The recently concluded International Film Festival at Bangalore is a visual cornucopia with no part of the stage or setting not being covered with lights, flowers, backdrop or people. (Image on left) The recently concluded Berliner 2016, on the other hand, like similar global film festivals – shows restraint and minimalism in its visual style.
Indian design sensibility is shaped by the concept “More Is More”. Clothes, Jewellery and other lifestyle quotients including the Great Indian Wedding or Bollywood ; exemplify a resplendent display of this ethos. The more urban and globalized Indians, and the western world treats this style sensibility with patronizing amusement.
The truth of why “we are like this only” lies deeper. As people, we have agrarian roots from not very far back. One, two, three or at the very most – four, generations. In agrarian economies; all wealth is visible. The harvest is bountiful and when it is sold; it is realized for cash. Urban economies, in contrast, do not see visible wealth. Salaries get directly credited to bank accounts; profits are line items in a balance sheet. Wealth is mostly invisible.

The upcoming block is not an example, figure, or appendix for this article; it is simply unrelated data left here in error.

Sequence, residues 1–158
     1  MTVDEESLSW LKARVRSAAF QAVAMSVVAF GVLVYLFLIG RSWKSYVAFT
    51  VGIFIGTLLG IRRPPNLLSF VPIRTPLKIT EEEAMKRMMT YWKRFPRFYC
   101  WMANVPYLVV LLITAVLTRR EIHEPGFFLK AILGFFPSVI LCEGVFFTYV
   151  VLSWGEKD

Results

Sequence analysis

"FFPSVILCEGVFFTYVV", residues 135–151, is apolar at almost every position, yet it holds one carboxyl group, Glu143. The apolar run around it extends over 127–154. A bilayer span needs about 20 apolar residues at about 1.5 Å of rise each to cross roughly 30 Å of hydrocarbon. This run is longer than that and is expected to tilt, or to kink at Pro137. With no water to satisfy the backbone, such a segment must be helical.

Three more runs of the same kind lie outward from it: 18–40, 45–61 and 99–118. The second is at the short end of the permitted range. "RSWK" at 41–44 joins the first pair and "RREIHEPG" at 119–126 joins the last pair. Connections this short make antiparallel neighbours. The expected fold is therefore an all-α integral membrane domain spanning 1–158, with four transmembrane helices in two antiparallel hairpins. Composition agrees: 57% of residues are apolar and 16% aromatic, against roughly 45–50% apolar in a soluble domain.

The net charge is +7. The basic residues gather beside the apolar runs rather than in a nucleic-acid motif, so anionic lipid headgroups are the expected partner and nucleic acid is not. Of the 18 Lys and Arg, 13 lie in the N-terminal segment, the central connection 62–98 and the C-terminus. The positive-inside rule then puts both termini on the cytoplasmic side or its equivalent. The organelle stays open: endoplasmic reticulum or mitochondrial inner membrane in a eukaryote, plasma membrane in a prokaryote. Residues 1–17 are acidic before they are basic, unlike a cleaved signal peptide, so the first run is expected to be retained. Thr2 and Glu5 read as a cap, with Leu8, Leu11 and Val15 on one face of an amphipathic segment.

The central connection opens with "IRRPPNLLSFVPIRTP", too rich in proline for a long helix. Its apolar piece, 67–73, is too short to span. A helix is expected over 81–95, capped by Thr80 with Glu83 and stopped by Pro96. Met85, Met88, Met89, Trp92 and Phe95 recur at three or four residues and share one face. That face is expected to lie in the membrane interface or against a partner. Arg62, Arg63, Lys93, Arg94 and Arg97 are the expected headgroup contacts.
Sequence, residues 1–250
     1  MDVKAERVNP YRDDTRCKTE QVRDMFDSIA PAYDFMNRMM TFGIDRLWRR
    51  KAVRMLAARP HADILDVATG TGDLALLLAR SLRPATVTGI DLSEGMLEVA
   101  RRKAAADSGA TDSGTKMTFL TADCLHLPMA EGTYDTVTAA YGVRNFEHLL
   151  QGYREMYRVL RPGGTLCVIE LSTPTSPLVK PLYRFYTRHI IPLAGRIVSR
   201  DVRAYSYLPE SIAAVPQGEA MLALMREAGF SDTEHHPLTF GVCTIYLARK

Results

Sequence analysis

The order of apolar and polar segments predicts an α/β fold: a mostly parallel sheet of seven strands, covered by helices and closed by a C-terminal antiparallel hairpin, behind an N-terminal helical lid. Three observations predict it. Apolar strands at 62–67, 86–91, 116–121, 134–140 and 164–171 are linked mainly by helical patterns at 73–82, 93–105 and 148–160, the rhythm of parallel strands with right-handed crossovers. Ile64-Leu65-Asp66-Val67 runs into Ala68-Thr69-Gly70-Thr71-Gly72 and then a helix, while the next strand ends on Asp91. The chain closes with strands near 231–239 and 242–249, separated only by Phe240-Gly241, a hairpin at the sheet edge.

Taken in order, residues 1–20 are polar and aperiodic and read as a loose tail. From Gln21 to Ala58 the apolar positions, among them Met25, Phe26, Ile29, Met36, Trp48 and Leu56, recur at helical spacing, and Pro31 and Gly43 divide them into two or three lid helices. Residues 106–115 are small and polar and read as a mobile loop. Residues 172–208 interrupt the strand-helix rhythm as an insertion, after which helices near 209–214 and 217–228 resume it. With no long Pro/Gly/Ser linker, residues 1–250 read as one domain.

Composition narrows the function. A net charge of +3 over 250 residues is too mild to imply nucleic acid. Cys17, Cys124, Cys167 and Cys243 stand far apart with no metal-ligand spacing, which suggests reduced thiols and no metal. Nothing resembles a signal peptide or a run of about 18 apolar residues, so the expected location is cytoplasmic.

It is in this contrast between the invisible and the visible, abundant wealth; that lays the causation of the ‘more is more’ behavior. We pay for the intrinsic value of things. Design, which is an intangible benefit, is not deemed worthy. So the amount of embroidery or Swarovski crystals on a dress are of much greater value than the expertise of the designer in style and cut. Indian designers follow these codes and ensure great embellishments in their creations. It is the Italian marble and high-end bathroom fittings that add value in real estate, and not the well-designed spaces by an innovative architect.
It will be a few more generations of urbanization before the minimalist sensibilities become part of the mainstream Indian design discourse. Or China’s – for that matter!
(As published in Hindu Business Line, February 19, 2016)